The subject of this column was suggested by an article from the September 24, 1936, issue of The Vandalia Union, where it was reported that Charles Higgins bought the lot on which the “Old Engine House” stood at Fifth and Main streets, with plans to tear it down and build a modern fireproof laundry building with a basement on the lot.
I have been building a file on Vandalia’s volunteer fire department for some time and learned that although the organization was officially established under Mayor John L. Rode on Oct. 18, 1889, and called “The Rode Company,” its beginning was 27 years earlier, in 1862.
On the evening of March 4, 1862, a blaze destroyed several buildings around the Public Square where the capitol building stands. Two days later, at the request of citizens, Vandalia’s Board of Trustees called a public meeting and the first attempt to organize a fire company took place.
From page 112 of the 1904 “Historical Souvenir of Vandalia, Illinois,” we learn, “Owing to the late destruction of wooden buildings and other property by fire, quite a number of citizens were in attendance upon the Board to discuss and have an ordinance passed, requiring all buildings hereafter to be erected around the public square to be of brick.”
The trustees, not wishing to pass any such “unreasonable and arbitrary law,” took no action.
What did come out of the meeting, however, was that Henry F. Jerauld, board president, was asked to procure three ladders: one 10 feet long, one 15 feet long and one 25 feet long; six good hooks with pikes; and 50 feet of one and one-half inch rope.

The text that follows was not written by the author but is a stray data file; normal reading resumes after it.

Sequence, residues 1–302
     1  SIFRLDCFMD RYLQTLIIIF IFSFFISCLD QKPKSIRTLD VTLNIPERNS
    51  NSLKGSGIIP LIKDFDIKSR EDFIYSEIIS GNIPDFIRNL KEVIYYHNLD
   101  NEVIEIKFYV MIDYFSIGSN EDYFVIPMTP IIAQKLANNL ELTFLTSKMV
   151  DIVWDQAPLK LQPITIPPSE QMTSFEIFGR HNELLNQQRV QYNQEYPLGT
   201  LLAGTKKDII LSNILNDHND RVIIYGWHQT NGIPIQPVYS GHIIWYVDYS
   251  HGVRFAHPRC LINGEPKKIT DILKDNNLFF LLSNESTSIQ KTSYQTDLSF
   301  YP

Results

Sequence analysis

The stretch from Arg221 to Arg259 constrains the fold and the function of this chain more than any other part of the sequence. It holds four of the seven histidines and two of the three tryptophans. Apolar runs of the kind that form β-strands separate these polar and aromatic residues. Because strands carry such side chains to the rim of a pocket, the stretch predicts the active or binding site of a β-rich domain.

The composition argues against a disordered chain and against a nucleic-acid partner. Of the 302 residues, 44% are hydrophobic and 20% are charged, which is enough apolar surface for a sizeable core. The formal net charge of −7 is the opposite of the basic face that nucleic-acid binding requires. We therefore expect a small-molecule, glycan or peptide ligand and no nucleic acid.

Back to the Souvenir history – “In those days, they used to fight fires with water buckets and axes. If a fire broke out, it was an unwritten law that every merchant in town would throw open his store and furnish all the ‘blue wooden pails’ he had, then a crowd would form from the nearest well or cistern and pass the buckets along the line to a fire. This saved many buildings from destruction.”
Vandalia had three “city wells.” One was near the old engine house at the corner of Main and Fifth Streets, one at the corner of Gallatin and Fourth streets (formerly the site of the Hotel Evans) and a third near the northwest corner of Gallatin and Fifth Streets.
The first fire equipment, in addition to the ladders, pikes and hose, was a hook and ladder wagon pulled to fires by the firemen. To fight a fire, the men used the old handle pump that got its water supply from cisterns, when there were any. Men would wheel the hose cart into place at a fire, and a big iron pump was manned to force water onto the flames.
When a fire was reported, the fire bell atop the firehouse would be rung, summoning volunteer firefighters.
The Old Engine House, built in 1876, stood unused for the most part after 1921, when the Chamber of Commerce and the city purchased Vandalia’s current city hall building from the William Sonnemann heirs. The old firehouse was torn town in October 1936 to make way for Higgins’ modern laundry.
The bell, cast in 1879 at the Buckeye Bell Foundry of Cincinnati, Ohio, which once warned Vandalia’s early volunteer firemen of fires has been placed in front of Vandalia’s firehouse, a reminder of the history of Vandalia’s volunteer fire department.